Teagasc Issues ‘Red Alert’ Warning for Potato Blight

Teagasc is urging all Irish potato growers to immediately overhaul their potato blight spraying programs due to the increasing presence of resistant blight populations in Ireland and across Europe.

“The era of block spraying for blight is over,” emphasized Teagasc potato specialist Dr. Steven Kildea at a blight workshop in Co. Down this week. The event was organized by the College of Agriculture, Food and Rural Enterprise (CAFRE) in collaboration with Teagasc.

“The future will focus on a strategy of mixing two different blight chemistries in one tank and ensuring that modes of action are rotated in sequential spray applications,” Kildea stated.

He confirmed that blight populations are evolving faster than ever, with resistance to available fungicides becoming a significant concern for the potato industry in Ireland and Europe.

Compounding industry worries is the removal of several blight products from the market in recent years.

“It is now essential to use the remaining fungicide chemistries most effectively while minimizing the risk of further mutations among blight populations,” Kildea explained.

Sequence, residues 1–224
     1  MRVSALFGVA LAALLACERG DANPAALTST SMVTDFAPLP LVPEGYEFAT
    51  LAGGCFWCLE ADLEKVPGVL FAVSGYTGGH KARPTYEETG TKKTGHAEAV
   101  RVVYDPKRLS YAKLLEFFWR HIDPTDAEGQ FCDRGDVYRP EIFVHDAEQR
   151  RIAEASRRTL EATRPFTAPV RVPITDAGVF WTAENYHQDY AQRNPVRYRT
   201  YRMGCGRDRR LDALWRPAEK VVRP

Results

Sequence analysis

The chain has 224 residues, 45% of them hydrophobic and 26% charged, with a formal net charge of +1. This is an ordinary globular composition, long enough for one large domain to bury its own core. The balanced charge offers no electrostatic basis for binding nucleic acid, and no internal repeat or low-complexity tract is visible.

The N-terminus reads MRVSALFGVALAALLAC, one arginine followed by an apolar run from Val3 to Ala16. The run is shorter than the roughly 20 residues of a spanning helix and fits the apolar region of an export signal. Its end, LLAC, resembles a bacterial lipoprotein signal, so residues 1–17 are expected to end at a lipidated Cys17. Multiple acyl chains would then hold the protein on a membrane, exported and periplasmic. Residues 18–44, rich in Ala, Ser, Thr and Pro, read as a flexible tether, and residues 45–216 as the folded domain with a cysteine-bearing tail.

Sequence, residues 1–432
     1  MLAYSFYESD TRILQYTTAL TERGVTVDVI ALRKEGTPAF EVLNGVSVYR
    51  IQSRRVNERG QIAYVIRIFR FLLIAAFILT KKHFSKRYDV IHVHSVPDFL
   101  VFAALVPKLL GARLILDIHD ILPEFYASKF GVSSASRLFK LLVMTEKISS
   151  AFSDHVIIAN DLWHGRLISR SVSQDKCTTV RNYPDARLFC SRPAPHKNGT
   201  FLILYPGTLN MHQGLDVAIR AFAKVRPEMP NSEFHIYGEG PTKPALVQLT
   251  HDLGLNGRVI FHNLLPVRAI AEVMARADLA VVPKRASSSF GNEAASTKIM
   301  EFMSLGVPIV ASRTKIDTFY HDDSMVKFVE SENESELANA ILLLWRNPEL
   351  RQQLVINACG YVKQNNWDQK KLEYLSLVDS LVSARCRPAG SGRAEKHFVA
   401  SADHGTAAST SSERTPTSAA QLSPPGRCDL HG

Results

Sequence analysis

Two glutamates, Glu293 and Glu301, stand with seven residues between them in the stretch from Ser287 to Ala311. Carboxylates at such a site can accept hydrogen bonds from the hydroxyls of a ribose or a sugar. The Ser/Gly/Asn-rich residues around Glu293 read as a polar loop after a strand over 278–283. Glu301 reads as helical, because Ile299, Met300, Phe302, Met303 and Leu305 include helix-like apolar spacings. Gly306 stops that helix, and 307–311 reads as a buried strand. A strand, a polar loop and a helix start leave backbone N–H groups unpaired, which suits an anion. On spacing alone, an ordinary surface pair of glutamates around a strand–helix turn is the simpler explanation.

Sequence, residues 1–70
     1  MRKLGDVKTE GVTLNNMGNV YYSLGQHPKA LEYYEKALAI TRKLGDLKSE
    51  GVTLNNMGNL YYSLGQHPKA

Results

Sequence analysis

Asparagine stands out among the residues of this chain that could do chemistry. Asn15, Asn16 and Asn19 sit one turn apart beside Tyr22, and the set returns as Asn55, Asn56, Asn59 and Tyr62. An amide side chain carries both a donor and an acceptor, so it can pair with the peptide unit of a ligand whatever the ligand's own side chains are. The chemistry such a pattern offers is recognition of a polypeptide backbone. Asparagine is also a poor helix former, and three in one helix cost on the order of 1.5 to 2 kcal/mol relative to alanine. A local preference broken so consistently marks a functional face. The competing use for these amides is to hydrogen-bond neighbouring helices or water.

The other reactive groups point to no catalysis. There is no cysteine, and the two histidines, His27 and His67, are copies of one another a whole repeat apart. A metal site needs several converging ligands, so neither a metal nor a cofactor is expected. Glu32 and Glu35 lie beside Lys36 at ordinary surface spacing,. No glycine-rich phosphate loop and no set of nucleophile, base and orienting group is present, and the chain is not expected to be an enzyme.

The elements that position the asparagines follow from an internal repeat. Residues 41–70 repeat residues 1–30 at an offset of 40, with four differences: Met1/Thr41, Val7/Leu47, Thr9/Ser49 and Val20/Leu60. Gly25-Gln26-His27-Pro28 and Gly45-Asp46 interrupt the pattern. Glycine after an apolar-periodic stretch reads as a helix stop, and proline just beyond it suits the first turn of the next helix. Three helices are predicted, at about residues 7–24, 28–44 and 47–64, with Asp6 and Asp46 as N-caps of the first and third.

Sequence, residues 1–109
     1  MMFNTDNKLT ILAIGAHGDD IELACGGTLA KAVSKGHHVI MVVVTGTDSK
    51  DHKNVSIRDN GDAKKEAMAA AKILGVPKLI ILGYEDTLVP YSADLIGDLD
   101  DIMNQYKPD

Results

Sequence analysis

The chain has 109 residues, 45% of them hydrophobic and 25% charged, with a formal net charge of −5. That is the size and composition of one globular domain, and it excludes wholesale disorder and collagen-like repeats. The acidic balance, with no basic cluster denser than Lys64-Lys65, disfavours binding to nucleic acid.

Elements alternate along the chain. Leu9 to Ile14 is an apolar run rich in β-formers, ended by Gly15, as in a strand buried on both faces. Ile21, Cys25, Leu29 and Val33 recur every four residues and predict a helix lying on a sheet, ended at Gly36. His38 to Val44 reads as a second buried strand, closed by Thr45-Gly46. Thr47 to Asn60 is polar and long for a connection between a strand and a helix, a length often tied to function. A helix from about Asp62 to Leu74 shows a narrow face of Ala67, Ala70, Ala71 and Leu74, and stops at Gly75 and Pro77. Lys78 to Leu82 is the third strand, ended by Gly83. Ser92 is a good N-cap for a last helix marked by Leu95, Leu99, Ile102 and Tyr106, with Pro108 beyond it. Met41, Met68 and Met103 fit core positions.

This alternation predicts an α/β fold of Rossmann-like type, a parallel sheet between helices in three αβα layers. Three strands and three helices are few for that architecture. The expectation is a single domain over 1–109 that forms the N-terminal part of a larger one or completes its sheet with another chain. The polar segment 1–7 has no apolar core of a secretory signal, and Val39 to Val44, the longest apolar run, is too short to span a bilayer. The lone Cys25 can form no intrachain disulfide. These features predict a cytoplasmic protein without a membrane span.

“This is why potato growers must avoid sequential use of the same blight chemistries. Mixing and alternating is the way forward, requiring the full use of all currently available blight chemistries,” he added.

The Teagasc representative acknowledged that the new blight control approach will significantly increase costs for potato growers.

“But it’s a price worth paying,” he said. “The alternative is substantial blight damage to potato crops now and in the future.”

“In truth, we have been fortunate in maintaining the efficacy of many blight prevention chemistries with single product applications up to this point.”

Kildea also highlighted integrated pest management (IPM) options available to potato growers, such as avoiding planting potatoes in areas most prone to blight.

“Why plant potatoes under trees or near telegraph poles? Tree cover promotes conditions favorable to blight, and crops near obstacles like telegraph poles are challenging to spray effectively,” he said.

“We have the means to control the various blight strains affecting potato crops. But achieving this will require growers to fundamentally change their blight spraying programs. And the clock is ticking,” Kildea concluded.

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